Tag Archive | sharing systems

Your grandchildren will hate you

Eugene is pleasant in the spring.  Flat enough to be excellent to bike almost everywhere, with little car traffic which is mostly well behaved.  The university brings new faces every year and clever talk. There is an impressive array of restaurants and natural food stores to serve locals and visitors alike.  Well maintained parks and nature preserves surround Eugene, with accessible hiking and biking.

bike trail eugene

The politics of the town are mostly liberal to progressive with some colorful radicals thrown in for spice.  It is also where some of my favorite people in the world live, including Tree and Abigail.  Abigail invited me to present at her work with SWAT (Sexual Wellness and Advocacy Team).  She wanted to do group trust building, so i did an introduction to transparency tools which was quite well received.

When i got there, some students expressed interest in the communes so i did a rapid introduction of them.  Which ended with the lines:

We keep track of our energy and materials use within the income sharing communities and what we find is that our per person carbon footprint is about 20% of that of our mainstream US counterparts.   This 80% reduction in carbon emissions corresponds with where the UN’s IPCC thinks all industrial countries should be by 2050.  The problem is that almost no one else knows how to get here.

The communes are not brilliant in our use of renewables.  Nor do we carefully conserve every kilowatt hour of electricity.  The thing we are really good at is sharing resources.  In my view, this is the only way to save the world while maintaining a lifestyle which is vaguely similar to what people in rich countries are already experiencing.  If your grandchildren don’t hate you, it will be because as a nation we figured out how to share resources well.

Switching to Renewables is just not enough

Switching to Renewables is just not enough

Frankly, i think i went over the head of some of these otherwise clever students.  It is not a message one hears very often and people are generally dismissive about the significance of sharing.  And for me there is no escaping the importance of it.  It is at the center of the Point A project and much of the outreach work we do.

If Willow has kids, i want them to like me.

commune kids

Willow and the commune kids – circa 2015

Unmeasurable antidotes

I have a complaint about science as the current principal truth model.  For science to function you have to have repeatable experiments and you have to be able to measure things.  For many things which i think are important (revolutions and romances jump to mind) both repeatability and measurability are impossible.  There are no good metrics and they are often chronologically unique.  This does not make science in itself bad, but it certainly causes distortions, where we focus on less important things because we can “get more truth” over there.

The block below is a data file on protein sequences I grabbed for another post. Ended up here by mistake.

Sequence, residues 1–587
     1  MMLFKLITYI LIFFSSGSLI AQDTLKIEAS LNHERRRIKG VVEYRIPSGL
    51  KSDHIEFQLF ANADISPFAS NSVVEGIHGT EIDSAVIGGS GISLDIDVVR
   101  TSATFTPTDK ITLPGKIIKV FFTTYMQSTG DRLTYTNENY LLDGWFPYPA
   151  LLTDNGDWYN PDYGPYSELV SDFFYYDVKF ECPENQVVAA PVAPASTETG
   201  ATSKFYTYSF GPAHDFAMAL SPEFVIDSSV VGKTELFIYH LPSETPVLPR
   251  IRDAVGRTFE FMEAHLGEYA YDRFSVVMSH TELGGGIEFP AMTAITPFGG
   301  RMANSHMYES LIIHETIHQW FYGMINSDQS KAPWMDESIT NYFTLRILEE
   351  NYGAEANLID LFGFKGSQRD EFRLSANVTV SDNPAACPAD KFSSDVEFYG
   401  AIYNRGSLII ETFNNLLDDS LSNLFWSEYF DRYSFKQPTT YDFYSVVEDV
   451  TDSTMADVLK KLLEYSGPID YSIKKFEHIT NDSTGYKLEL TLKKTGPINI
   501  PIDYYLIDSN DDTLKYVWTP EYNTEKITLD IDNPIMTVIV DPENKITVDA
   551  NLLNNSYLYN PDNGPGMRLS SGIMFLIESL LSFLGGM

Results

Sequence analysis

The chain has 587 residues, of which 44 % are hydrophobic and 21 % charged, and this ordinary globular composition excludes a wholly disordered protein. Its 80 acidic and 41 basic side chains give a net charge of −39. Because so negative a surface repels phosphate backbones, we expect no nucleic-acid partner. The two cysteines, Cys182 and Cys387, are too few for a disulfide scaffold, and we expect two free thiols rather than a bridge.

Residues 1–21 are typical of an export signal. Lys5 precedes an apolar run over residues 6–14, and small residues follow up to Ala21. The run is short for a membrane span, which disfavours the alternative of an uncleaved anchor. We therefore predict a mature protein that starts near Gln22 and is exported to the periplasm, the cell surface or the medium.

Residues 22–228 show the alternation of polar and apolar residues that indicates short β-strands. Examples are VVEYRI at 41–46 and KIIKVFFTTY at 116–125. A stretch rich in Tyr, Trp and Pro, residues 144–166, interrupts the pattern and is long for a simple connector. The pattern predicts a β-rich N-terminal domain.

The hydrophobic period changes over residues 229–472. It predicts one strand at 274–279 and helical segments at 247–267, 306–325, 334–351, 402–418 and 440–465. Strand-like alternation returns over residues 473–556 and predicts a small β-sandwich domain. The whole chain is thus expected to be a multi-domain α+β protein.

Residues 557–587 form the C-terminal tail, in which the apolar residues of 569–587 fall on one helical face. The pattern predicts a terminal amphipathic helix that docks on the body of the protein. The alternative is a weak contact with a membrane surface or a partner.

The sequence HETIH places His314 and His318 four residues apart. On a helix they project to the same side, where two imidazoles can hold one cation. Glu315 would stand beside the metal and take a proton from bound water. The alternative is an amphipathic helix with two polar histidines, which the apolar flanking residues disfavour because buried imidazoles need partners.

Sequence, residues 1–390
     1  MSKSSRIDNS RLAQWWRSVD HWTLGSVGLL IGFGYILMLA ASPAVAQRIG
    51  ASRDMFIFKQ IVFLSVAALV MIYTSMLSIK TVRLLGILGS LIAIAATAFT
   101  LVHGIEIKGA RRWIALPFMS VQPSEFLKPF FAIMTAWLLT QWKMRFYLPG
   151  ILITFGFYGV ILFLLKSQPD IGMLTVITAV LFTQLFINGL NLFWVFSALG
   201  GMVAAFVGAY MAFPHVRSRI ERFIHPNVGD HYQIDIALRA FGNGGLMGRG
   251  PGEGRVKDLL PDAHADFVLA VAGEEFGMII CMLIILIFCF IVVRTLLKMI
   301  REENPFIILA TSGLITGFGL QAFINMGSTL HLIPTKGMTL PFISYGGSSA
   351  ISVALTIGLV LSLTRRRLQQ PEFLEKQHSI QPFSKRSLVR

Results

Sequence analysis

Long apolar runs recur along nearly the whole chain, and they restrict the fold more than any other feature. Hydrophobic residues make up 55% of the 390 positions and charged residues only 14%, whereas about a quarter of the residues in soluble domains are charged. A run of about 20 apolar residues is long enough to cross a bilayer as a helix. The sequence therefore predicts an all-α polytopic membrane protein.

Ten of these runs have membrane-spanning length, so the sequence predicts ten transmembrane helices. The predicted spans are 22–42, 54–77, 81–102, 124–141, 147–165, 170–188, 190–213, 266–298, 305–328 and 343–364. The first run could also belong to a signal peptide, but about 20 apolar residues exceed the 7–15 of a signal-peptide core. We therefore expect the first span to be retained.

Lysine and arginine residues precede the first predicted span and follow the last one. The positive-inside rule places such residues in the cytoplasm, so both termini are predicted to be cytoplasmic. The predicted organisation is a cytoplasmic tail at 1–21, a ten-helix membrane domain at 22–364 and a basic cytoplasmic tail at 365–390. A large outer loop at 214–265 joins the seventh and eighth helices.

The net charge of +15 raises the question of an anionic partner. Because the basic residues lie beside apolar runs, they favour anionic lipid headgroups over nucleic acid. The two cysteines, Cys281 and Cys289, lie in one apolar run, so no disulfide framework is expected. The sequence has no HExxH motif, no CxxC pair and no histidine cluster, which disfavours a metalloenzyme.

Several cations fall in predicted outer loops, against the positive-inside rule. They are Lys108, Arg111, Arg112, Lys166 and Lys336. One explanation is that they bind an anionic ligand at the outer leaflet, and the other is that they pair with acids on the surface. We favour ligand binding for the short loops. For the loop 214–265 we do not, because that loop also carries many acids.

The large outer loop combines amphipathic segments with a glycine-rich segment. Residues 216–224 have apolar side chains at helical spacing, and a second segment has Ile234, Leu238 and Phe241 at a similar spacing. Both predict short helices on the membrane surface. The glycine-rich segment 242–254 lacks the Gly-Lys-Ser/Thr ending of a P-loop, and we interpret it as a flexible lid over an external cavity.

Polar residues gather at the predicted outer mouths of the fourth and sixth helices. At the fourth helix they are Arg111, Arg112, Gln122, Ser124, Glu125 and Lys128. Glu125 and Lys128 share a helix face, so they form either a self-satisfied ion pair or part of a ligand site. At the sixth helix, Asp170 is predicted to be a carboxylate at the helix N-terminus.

Lack of love we can measure

Lack of love we can measure

Similarly, the mainstream promoted values of self reliance and independence have negative side effects.  The commercial interpretation of self reliance and independence is that you need to uniquely own everything you need to survive and thrive.  This leads to tremendous idle capacity.  Which leads to the accelerated degradation of the planet.

Trust me, there are lots of alternatives

Trust me, there are lots of alternatives

Some years back the globalization fans were fond of calling it a TINA proposition. There is No Alternative.  This is a catchy name for a profound failure of imagination. Globalization is the current flavor of industrial capitalism which feeds our insatiable need for stuff.  When i talk with mainstream audiences, the idea of affluent people consuming less to save the planet for future generations it goes over pretty poorly. Even the most radical of audiences think that voluntary austerity is an anti-gravity proposition.  But then i pull out my trick question.

“What if i told you that you could work less and have access to more wealth and resources (and save the world as a secondary side benefit)?  This often gets people’s attention.  Especially busy people, who are already pressed for time, think this might be a lovely solution and they want to know more.

Where can i find more time?

Where can i find more time?


The principal thing which stops people from living this more luxurious lifestyle is trust.  Because we are generally unwilling to trust other people with your stuff, everyone has to have their own everything.  And almost all of it sits idle almost all the time.  If alternatively we can trust each other, then we can share.  This is not a trivial proposition.  There is logistical leg work, like avoiding brittle sharing agreements, including scheduling and routine or catastrophic repairs.

And this is where community comes in.  More important than any of the products of our cottage industries make, communities are trust building engines.  We are not perfect, certainly and some are much better than others.  But at their core communities share things, both socio-cultural and material.  These cultures help us share and build trust.